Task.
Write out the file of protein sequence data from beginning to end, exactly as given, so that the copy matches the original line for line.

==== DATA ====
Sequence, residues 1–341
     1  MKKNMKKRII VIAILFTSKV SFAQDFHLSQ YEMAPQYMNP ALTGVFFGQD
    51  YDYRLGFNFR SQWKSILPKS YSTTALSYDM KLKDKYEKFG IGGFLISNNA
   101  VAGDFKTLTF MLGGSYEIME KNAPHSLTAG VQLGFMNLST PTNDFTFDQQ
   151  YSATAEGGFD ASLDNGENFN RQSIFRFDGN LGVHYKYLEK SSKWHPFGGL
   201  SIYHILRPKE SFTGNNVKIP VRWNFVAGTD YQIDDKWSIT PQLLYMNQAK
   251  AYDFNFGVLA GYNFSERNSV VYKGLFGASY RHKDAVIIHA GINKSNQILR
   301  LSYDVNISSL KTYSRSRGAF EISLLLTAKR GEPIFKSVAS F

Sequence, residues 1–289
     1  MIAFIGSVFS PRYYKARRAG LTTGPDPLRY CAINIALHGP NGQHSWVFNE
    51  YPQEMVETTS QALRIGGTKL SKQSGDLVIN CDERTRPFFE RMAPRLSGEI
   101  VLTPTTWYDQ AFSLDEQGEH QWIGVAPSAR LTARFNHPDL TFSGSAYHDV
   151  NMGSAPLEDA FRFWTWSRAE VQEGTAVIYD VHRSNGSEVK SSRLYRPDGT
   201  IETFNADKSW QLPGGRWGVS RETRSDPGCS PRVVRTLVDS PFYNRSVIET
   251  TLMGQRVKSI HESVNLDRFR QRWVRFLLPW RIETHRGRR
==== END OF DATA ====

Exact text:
Sequence, residues 1–341
     1  MKKNMKKRII VIAILFTSKV SFAQDFHLSQ YEMAPQYMNP ALTGVFFGQD
    51  YDYRLGFNFR SQWKSILPKS YSTTALSYDM KLKDKYEKFG IGGFLISNNA
   101  VAGDFKTLTF MLGGSYEIME KNAPHSLTAG VQLGFMNLST PTNDFTFDQQ
   151  YSATAEGGFD ASLDNGENFN RQSIFRFDGN LGVHYKYLEK SSKWHPFGGL
   201  SIYHILRPKE SFTGNNVKIP VRWNFVAGTD YQIDDKWSIT PQLLYMNQAK
   251  AYDFNFGVLA GYNFSERNSV VYKGLFGASY RHKDAVIIHA GINKSNQILR
   301  LSYDVNISSL KTYSRSRGAF EISLLLTAKR GEPIFKSVAS F

Sequence, residues 1–289
     1  MIAFIGSVFS PRYYKARRAG LTTGPDPLRY CAINIALHGP NGQHSWVFNE
    51  YPQEMVETTS QALRIGGTKL SKQSGDLVIN CDERTRPFFE RMAPRLSGEI
   101  VLTPTTWYDQ AFSLDEQGEH QWIGVAPSAR LTARFNHPDL TFSGSAYHDV
   151  NMGSAPLEDA FRFWTWSRAE VQEGTAVIYD VHRSNGSEVK SSRLYRPDGT
   201  IETFNADKSW QLPGGRWGVS RETRSDPGCS PRVVRTLVDS PFYNRSVIET
   251  TLMGQRVKSI HESVNLDRFR QRWVRFLLPW RIETHRGRR